I can not praise this book enough! It deserves more than 5 stars! The recipes are wonderful and truly AUTHENTIC; the ingredients are simple and easy to find in any market or store. And the recipes are delicious! They take me back to Morocco! I love the fact that the book is not only recipes but little facts, stories, adventures and knowledge about Morocco as well. It reads as a cookbook and a story book all in one! I envy all the years she got to spend there and the knowledge she learned from the other cooks in Morocco! This book is a MUST for anyone who loves to try different foods and especially if you have a Moroccan friend, fiance or husband. They will be suitably impressed with your skill and will wonder where you learned how to make the food! My husband absolutely loves that I have learned how to cook some dishes that he is used to eating in his homeland. I also recommend if you get this book, get Kitty Morse's as well; they go hand in hand like a set. You will have a good Moroccan food base to cook for quite some time to come!
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2 of 2 people found the following review helpful By rodboomboom on Feb. 17 2001
Format: Paperback
I was taken on a business dinner to a Moroccan restaurant in the Bay Area where we removed shoes, given a large turkish towel, and sat on the floor on cushions. Among the exquisite food eaten and the tea and wine we drank was a pie dish, with layers of chicken and lemon and a cinannomon crust. I have yearned to have the dish again.
Found it here in Wolfert's classic --- bisteeya! It is unbelievable. Dive in with your hands and its just the best. She even recommends how to do this.
Besides the bisteeya, love the tagines,especially new to my taste, Fish Tagine with Celery in the Style of Safi (bamboo canes line the casserole) and the Lamb Tagine with artichokes, lemon and olives. Of course, the kabob offerings are world class and famous and delicious. Only wish (we are so spoiled) that this would have the normal color photos of the dishes that we're becoming so used to.)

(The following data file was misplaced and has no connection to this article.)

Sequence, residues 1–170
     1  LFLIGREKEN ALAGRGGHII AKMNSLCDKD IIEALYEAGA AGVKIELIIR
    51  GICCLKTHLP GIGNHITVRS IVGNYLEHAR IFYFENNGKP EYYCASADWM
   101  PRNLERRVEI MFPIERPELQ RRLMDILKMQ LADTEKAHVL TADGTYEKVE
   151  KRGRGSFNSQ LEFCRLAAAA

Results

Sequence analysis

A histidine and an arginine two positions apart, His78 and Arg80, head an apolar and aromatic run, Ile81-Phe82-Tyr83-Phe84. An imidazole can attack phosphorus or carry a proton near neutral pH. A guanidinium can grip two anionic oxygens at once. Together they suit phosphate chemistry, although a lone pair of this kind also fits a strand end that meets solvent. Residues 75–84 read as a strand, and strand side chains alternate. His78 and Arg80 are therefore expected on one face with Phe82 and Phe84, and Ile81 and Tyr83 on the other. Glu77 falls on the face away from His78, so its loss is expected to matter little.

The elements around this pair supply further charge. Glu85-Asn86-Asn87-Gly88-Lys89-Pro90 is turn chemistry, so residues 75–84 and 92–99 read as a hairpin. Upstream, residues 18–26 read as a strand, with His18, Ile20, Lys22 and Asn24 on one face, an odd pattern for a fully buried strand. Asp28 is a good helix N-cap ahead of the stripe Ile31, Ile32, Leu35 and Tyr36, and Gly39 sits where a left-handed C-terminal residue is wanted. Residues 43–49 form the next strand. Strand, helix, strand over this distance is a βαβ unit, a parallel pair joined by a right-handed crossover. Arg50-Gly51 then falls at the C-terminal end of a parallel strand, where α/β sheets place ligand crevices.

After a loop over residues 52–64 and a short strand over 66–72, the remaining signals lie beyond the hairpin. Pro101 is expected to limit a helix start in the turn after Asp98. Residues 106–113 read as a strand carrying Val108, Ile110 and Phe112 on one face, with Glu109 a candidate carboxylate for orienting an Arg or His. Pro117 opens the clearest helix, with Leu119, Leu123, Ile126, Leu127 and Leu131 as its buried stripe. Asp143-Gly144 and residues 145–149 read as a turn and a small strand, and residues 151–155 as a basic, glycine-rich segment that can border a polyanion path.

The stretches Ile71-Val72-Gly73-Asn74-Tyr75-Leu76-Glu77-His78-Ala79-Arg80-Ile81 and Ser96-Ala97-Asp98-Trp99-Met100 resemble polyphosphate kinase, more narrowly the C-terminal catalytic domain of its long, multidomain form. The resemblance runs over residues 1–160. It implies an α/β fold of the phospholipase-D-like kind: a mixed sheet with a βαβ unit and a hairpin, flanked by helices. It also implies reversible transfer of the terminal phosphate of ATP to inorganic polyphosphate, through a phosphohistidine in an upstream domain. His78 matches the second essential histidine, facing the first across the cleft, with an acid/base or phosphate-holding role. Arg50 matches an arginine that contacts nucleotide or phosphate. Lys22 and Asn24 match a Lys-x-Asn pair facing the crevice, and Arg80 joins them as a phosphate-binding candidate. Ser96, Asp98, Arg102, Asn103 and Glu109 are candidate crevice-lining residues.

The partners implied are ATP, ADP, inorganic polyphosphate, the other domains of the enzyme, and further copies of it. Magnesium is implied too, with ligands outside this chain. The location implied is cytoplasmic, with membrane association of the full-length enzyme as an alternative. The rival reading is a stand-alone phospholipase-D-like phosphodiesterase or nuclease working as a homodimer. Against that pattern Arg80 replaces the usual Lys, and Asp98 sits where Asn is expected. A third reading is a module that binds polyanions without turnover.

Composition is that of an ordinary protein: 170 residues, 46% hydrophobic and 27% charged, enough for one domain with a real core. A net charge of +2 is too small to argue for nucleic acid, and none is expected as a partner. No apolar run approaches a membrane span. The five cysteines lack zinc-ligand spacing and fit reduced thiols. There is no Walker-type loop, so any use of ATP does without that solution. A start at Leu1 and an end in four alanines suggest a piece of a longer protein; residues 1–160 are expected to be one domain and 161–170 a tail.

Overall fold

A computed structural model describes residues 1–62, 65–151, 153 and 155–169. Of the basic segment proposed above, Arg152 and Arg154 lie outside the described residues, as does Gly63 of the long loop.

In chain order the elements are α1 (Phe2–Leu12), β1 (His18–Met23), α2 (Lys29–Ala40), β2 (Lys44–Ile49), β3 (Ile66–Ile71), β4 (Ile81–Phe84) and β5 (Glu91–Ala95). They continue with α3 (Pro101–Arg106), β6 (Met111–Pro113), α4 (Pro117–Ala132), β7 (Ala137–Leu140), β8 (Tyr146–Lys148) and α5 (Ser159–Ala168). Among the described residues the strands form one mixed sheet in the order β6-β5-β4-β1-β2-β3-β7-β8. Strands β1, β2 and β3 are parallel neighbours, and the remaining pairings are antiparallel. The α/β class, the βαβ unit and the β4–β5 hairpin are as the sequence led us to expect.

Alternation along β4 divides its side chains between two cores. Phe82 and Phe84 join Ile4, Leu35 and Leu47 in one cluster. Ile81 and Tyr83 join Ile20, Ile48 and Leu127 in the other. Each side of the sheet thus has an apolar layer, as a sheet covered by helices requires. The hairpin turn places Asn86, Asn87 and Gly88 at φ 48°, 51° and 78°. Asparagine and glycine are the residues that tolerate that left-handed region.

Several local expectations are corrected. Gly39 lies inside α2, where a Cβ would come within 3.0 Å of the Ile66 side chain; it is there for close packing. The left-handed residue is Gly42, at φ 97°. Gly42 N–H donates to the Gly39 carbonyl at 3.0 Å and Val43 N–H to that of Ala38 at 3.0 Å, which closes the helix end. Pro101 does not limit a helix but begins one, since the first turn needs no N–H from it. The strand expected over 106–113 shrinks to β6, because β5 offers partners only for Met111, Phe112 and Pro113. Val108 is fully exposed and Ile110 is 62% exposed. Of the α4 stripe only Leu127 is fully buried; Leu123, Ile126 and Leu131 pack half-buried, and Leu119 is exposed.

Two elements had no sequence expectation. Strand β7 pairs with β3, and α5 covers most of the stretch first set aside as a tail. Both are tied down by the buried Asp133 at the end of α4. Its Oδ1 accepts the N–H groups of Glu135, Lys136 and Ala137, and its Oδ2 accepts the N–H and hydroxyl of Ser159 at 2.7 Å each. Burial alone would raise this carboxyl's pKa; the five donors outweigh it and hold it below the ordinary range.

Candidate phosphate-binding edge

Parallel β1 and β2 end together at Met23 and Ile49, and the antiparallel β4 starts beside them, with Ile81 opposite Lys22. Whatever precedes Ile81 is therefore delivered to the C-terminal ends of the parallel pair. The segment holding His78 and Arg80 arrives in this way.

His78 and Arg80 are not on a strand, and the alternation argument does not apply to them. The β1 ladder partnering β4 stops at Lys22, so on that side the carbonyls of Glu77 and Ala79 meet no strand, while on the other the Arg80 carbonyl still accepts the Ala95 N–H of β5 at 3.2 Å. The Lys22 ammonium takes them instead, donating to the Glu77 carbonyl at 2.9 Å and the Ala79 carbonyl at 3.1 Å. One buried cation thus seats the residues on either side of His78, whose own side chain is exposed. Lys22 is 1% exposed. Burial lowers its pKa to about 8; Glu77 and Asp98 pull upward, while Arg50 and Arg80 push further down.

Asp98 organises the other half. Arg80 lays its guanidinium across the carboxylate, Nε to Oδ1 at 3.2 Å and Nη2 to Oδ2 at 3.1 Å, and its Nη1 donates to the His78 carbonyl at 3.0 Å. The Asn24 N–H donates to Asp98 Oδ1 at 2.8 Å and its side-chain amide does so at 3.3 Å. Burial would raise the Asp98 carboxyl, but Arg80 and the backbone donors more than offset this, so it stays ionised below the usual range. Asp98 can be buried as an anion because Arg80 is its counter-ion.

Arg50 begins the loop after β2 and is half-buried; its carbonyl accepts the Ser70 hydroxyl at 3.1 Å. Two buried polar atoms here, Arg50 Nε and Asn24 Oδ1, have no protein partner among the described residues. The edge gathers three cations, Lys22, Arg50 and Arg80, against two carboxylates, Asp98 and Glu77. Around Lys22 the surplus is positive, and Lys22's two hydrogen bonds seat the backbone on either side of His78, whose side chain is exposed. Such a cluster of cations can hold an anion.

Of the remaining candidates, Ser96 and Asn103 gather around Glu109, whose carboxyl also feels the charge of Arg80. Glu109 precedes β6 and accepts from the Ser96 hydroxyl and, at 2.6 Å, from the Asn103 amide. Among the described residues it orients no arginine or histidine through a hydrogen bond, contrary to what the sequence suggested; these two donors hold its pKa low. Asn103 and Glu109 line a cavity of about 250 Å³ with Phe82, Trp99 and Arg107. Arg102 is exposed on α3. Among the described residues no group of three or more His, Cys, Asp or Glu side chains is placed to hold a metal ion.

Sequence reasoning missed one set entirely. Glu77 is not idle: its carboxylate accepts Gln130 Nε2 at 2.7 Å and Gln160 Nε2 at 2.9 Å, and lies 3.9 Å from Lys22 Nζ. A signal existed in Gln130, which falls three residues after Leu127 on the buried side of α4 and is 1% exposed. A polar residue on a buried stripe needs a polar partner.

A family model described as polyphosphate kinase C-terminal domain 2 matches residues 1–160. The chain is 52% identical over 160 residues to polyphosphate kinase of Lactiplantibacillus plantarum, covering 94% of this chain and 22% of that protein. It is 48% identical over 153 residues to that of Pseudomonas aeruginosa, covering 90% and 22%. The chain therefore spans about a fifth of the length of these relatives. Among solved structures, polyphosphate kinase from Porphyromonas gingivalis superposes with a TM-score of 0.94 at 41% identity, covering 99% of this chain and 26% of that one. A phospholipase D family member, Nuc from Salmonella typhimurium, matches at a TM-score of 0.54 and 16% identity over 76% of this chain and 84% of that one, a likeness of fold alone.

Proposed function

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2 of 2 people found the following review helpful By A Customer on June 18 1997
Format: Paperback
This is my most beloved (and food-stained) cookbook! Bisteeya is perhaps the most wonderfull dish in the world... and Paula offers several ways to make it, along with amazing couscous, tagines and deserts. Everything is doable, even with some modification to suit the underequiped kitchen. If you enjoy good ethnic food, then this book is certainly for you! My only complaint: the estimated cooking times are way off... but every dish is BY FAR worth the wait!

thank you Paula!

vegetarians/vegans: this book contains a majority of meat-oriented dishes. i still recommend it for v/v's simply for the spice combinations and potential for modification. the 7-vegetable couscous minus the chicken is still palette-blowing!
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By A Customer on Feb. 17 2003
Format: Paperback
This book is the "Western-wife-of-Moroccan-husband" dream come true, & is the most well-researched, comprehensive manual on Moroccan cuisine I've seen. The high point is Wolfert's very detailed lesson in properly preparing & steaming Moroccan couscous grains (a far cry from our boxed couscous), a lesson often lacking in other cookbooks. Another gem is her extensively-researched compilation of ras el hanout components. She clarifies western-translation of Moroccan ingredients, provides useful preparation shortcuts, & helpfully suggests alternative ingredients & equipment for the western cook. Importantly, she points out ( & even provides a map with detailed examples) regional differences in preparation of many dishes - differences of which many Moroccans themselves may not be aware. This information is vital for the western wife attempting to prepare her Moroccan husband his favorite home-cooked meal.
The book is also a great read, esp. her stories of life in Morocco, & excellent cultural/religious background information. It has tons of useful reference material, including complete menus, specialty-food suppliers in the US, a full discussion of the spices/herbs/waters used in Moroccan cuisine, et al.
Most importantly, after some practice on my part, my picky Moroccan husband has been thrilled with the results!
I would also highly recommend Robert Carrier's "Taste of Morocco" (see his shebbekia recipe); & for helpful, color photos (& recipes of course), Kitty Morse's "Cooking At The Casbah" & Fatema Hal's "The Food of Morocco" (from the "Food of.." series).